The largest part of students’ fear is because they don’t know how to fly. Every year, teachers have made them talk, but never has a teacher taught them how to do it. You know it’s true: you have a haiku unit, but you do not have a speaking unit. Students get lessons about comma usage before being asked to write an essay, but never get a lesson about how to add life to their voices. Students get lessons about parts of a cell, but never get lessons about parts of a well-built visual aid. I wrote Well Spoken: Teaching Speaking to All Students (goo.gl/dgoSS7) to solve this problem. It has a simple, practical framework for understanding and teaching speaking. You will find that once students know exactly what they are supposed to do, they can do it. Visit pvlegs.com.

Bonus—Give students a digital voice first.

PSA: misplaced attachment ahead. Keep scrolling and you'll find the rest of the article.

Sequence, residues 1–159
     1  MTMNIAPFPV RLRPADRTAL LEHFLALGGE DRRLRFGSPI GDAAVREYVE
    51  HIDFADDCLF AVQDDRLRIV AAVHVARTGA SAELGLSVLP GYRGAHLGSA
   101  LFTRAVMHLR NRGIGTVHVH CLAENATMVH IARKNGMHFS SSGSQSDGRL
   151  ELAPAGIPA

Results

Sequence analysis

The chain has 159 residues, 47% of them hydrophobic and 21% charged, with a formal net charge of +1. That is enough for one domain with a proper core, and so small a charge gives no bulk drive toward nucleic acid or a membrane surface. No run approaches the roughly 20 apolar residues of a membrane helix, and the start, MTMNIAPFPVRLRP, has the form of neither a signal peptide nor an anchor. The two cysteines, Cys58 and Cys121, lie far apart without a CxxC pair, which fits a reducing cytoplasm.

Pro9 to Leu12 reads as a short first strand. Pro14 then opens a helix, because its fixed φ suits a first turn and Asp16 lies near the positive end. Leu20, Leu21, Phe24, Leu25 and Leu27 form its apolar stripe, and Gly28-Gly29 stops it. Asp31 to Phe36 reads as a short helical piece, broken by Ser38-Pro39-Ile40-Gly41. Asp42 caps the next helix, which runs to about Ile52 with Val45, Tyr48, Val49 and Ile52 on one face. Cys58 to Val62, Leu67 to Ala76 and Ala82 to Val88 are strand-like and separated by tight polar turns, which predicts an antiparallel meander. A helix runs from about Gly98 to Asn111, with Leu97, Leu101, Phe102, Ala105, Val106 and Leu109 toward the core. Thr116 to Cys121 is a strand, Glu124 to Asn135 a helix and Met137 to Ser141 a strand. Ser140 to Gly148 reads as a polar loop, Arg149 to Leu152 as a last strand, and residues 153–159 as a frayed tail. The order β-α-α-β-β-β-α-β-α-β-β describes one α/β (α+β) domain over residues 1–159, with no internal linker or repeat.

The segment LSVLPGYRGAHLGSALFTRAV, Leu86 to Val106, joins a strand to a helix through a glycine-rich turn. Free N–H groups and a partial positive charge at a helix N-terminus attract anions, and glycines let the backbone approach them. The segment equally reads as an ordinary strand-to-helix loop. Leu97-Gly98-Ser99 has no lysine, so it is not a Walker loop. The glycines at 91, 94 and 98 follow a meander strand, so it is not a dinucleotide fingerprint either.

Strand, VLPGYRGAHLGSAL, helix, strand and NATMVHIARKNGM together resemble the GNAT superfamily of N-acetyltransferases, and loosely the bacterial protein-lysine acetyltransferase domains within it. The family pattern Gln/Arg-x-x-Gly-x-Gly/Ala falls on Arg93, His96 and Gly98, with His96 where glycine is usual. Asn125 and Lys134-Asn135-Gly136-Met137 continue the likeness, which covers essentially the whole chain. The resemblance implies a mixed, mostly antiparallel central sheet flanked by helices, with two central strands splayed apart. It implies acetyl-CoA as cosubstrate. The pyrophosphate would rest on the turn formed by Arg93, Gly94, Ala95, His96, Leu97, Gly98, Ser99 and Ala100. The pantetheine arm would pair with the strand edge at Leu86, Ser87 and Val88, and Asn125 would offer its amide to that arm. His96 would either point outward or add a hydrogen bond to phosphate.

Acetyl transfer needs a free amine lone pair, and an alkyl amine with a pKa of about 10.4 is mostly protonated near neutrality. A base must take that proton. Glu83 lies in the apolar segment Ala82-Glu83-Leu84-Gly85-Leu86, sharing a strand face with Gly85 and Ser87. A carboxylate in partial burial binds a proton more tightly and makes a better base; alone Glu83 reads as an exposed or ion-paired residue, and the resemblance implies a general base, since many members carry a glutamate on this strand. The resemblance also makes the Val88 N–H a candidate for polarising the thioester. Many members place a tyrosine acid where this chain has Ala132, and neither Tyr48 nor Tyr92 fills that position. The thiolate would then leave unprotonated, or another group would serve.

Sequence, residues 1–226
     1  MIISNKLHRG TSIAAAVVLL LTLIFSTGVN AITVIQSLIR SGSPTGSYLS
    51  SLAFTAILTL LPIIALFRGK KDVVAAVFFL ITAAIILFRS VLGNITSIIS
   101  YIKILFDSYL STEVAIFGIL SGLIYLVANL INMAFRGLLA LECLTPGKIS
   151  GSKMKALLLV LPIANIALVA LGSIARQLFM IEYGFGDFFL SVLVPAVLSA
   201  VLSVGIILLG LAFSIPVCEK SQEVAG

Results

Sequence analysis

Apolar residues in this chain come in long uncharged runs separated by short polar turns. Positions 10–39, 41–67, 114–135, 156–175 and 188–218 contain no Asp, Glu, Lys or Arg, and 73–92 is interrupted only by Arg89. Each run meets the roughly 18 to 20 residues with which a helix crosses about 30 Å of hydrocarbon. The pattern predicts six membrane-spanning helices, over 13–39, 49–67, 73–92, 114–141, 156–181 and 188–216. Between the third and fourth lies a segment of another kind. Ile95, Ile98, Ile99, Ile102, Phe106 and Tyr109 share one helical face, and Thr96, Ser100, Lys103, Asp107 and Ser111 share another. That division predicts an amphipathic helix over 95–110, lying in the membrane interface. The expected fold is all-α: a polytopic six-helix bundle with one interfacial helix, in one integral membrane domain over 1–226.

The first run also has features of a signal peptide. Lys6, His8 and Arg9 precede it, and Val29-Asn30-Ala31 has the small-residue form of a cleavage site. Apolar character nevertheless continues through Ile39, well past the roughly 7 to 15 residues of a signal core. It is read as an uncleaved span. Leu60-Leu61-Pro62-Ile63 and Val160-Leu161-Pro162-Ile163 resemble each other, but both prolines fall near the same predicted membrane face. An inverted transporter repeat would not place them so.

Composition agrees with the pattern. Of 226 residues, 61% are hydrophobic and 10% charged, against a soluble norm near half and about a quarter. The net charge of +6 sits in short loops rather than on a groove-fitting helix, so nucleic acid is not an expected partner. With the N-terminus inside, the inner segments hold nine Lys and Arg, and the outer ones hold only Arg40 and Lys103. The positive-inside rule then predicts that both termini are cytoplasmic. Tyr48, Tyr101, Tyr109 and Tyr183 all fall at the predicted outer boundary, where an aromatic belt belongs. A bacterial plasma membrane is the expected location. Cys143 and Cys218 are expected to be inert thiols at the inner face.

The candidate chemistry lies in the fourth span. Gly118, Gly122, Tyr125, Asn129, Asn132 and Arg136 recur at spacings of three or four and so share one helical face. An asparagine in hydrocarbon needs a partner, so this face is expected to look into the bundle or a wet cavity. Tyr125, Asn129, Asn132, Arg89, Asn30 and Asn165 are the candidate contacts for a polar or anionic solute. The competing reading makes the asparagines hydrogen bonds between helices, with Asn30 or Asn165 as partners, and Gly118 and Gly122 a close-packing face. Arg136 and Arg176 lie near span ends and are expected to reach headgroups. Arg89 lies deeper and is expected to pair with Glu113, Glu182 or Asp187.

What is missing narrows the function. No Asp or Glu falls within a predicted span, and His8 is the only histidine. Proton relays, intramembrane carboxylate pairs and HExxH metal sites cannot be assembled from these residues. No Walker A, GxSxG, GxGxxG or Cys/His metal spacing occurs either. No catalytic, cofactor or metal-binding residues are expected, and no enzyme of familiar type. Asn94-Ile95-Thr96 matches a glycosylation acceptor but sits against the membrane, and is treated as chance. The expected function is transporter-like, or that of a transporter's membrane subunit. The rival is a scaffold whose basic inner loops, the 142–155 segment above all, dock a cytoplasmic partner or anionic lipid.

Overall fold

We live in an era with many, many digital tools for oral communication. That means that mastering oral communication is even more important than ever. It also means there are many ways to practice, get feedback, and develop confidence for eventual in-person talks. But that is the topic of a different post.

Bonus two–Mike Rowe has a great story about someone afraid to speak:

http://mikerowe.com/2016/05/twihi-breakingsilence/ 

 

 

 

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Spotting a Fake Post

Spotting a Fake Post: Teaching About Media Literacy on Social Platforms

This blog post is part of a series focusing on media literacy.

If you have been on social media, you may have seen this or something similar posted:

This version was posted on Facebook by a friend of mine—a bright person with advanced degrees, a wonderful teacher, and, sadly, a duped person. We have all heard about fake content on social media, but even the best of us seem to fall for some of it. How does this happen? Why do we suspend disbelief? Why aren’t we more thoughtful and careful?

As teachers, we have a responsibility to help students become media literate. If we study the anatomy of this Facebook post, we can gather ideas about how to teach students to avoid being duped by similar posts. Let’s look at all the features of this post that made it popular—and what students can learn from it.